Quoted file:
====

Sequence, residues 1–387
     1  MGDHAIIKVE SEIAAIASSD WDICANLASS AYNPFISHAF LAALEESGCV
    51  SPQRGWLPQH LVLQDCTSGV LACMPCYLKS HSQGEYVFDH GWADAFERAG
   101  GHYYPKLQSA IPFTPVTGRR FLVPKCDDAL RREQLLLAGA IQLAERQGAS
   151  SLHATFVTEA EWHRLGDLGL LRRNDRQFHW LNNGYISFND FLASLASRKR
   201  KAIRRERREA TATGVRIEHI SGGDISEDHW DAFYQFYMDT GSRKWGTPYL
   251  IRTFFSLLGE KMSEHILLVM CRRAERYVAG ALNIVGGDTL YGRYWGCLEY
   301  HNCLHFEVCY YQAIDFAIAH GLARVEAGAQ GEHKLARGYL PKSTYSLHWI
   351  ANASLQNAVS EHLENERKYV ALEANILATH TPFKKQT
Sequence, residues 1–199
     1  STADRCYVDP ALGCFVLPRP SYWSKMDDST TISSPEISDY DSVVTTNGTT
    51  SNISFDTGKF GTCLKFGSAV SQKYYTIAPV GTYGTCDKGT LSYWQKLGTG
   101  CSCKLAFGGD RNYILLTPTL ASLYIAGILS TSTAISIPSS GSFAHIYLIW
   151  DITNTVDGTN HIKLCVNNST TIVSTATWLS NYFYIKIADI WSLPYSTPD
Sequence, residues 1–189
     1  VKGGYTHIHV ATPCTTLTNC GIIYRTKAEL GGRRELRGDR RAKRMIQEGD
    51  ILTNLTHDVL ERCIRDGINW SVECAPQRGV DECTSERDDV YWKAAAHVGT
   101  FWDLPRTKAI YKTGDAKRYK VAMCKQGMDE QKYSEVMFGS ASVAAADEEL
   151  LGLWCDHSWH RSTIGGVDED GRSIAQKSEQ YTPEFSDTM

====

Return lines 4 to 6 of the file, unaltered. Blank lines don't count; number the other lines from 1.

   101  GHYYPKLQSA IPFTPVTGRR FLVPKCDDAL RREQLLLAGA IQLAERQGAS
   151  SLHATFVTEA EWHRLGDLGL LRRNDRQFHW LNNGYISFND FLASLASRKR
   201  KAIRRERREA TATGVRIEHI SGGDISEDHW DAFYQFYMDT GSRKWGTPYL